Virtue Discussion:

Loving Kindness: Fr. Boyle spends every day of his life dealing with people who have been brushed off by the rest of society because he knows if they come to him then they are ready for a transformation. He employs an open door policy because he believes that any person who makes the choice to walk into his office is seeking a better life and he wants to do all he can to provide it for them regardless of their past. Fr. Boyle is able to do this because be holds the belief that all people are inherently good, and should not be held back because of a choice they made as a child with their back against the wall.

Choice-Worthy Good:

“Opportunities for second chances are few for people like Lorenzo. Homeboy Industries is about the only game in town. Most employers aren’t willing to look beyond the dumbest or worst thing someone has done.”
- Father Greg Boyle Former Gang Members: A Life Sentence of Joblessness

Will, an employee of Homeboy Industries is one of the many examples of Father Boyle’s expression of a choice-worthy good. He was born into a dysfunctional family in Los Angeles and had joined a gang by the time he turned eleven. He did not even make it a full year in the gang before he was incarcerated and continued to go in and out of California juvenile and state prisons until the age of twenty-five. When Will went into prison for the last time he was leaving behind a wife and newborn child, he made the vow not to be like his father and to help raise his family. When Will was contemplating ideas of how to turn his life around, he kept coming back to one guy who had been with him throughout his time in lock up, Fr. Boyle. Fr. Boyle would lead mass at Camp Gonzales, a prison that held many gang members in the Los Angeles area. At the end of every mass Fr. Boyle would stand in the back of the room and pass out his business card to each person as they left the room saying to each one: “come see me when you’re ready.”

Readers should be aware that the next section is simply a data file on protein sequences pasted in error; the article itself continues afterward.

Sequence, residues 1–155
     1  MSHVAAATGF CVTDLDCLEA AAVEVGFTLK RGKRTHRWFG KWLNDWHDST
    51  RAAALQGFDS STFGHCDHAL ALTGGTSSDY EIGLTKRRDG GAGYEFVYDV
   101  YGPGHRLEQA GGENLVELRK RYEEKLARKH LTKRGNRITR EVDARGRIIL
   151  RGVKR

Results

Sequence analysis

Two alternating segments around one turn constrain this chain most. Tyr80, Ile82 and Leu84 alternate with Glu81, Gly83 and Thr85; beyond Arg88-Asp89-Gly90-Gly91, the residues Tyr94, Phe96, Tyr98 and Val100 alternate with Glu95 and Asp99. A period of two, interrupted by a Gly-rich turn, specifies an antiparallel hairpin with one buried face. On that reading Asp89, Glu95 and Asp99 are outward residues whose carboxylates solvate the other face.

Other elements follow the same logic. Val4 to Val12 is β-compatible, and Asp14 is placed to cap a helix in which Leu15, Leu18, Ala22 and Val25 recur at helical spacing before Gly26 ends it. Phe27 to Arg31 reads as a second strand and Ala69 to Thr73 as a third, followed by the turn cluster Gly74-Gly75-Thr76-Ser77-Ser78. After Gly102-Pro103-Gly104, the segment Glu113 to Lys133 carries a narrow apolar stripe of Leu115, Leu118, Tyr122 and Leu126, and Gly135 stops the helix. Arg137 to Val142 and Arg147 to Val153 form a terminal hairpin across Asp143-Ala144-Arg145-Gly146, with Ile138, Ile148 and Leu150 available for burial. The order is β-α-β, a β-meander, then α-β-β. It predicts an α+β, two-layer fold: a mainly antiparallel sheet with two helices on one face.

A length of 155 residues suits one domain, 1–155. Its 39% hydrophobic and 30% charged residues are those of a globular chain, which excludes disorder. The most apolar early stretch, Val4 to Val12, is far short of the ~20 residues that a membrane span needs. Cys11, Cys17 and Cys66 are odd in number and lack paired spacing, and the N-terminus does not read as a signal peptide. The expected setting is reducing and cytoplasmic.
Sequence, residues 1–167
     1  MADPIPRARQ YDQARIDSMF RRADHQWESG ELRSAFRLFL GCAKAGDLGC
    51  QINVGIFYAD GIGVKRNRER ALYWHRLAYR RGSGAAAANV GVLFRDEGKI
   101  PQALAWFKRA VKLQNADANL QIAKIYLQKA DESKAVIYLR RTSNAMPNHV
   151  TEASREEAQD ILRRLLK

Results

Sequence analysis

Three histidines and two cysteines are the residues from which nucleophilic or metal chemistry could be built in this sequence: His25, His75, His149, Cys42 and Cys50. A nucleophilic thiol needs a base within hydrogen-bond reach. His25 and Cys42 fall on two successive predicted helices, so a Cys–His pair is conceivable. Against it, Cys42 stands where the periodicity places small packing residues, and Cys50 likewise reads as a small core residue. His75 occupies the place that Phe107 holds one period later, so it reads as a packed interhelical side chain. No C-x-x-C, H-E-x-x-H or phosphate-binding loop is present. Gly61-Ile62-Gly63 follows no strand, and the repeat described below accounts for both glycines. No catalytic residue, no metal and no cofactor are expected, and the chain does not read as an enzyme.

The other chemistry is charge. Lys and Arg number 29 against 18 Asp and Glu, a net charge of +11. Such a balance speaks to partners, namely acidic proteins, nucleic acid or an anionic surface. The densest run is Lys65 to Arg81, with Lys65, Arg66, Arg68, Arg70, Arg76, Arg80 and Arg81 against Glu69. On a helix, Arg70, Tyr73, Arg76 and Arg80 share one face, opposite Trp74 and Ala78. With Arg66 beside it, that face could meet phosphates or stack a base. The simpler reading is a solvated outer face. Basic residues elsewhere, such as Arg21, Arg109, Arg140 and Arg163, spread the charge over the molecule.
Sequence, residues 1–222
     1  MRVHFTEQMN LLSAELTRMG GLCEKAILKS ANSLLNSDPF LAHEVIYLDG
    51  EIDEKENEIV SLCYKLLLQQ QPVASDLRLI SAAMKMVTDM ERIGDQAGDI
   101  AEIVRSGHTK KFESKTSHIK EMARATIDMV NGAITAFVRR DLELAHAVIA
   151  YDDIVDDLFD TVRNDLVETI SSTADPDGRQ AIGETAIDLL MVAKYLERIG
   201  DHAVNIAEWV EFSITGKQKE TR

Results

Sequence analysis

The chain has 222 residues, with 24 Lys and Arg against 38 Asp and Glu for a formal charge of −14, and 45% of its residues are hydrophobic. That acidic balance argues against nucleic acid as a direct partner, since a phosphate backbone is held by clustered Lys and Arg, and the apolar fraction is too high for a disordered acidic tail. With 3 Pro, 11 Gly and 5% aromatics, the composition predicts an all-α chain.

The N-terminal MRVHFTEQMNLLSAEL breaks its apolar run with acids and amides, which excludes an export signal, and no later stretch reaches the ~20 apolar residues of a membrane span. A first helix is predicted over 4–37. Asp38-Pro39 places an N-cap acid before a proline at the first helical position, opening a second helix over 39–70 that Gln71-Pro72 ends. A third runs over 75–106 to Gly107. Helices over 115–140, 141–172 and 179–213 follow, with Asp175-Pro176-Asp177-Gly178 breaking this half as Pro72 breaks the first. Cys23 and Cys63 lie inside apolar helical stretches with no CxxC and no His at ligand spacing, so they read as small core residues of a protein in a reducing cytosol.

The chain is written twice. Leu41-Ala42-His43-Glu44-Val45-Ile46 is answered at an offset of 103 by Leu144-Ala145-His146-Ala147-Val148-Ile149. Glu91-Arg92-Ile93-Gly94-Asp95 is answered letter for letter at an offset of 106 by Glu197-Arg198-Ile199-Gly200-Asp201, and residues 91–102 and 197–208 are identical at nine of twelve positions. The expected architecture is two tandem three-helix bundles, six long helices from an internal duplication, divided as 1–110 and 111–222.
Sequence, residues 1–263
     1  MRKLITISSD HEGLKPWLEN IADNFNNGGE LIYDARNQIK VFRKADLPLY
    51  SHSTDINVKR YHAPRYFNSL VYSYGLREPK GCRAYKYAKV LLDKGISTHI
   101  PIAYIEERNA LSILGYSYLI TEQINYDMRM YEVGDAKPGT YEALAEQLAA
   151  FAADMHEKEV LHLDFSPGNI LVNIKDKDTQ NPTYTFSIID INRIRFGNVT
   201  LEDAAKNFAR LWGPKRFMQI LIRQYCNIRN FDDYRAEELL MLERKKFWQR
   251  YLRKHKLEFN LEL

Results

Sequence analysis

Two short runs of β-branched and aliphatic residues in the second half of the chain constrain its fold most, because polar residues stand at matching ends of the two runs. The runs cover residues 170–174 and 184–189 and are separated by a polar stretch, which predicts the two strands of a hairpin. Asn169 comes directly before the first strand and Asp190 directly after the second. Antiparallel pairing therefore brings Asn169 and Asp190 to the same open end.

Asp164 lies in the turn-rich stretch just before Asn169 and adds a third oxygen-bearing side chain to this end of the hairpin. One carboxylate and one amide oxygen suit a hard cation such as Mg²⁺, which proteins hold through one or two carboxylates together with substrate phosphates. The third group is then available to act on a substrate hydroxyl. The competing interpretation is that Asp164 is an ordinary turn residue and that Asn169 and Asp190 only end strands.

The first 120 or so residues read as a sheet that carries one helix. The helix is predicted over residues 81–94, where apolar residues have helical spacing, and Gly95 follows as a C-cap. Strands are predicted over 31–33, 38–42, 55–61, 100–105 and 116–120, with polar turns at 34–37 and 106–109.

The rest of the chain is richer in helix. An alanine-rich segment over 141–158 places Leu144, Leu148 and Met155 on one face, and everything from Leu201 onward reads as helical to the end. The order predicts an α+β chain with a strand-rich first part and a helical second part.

Will received his first card when he was twelve years old, and another one when he was twenty-one, and another at twenty-three and twenty-four. It was not until he turned twenty-five that he decided to turn his life around. Now Will can support his wife and child by working for Homeboy Industries, and even though he is still living paycheck to paycheck he has the pride of knowing he is working for that money and providing a better life for his family than his father provided him.

Will’s story is not much different from all of the other employees at Homeboy Industries, and if it were not for the perseverance of Fr. Boyle Will (and others) might not have decided to make the transformation. Fr. Boyle knows the reasons for youth gang involvement, and because of that he knows to wait until people are ready to seek him for help instead of forcing the change upon people.

Thanksgiving Day 2012 at Homeboy Industries.jpg

Cultural Ill: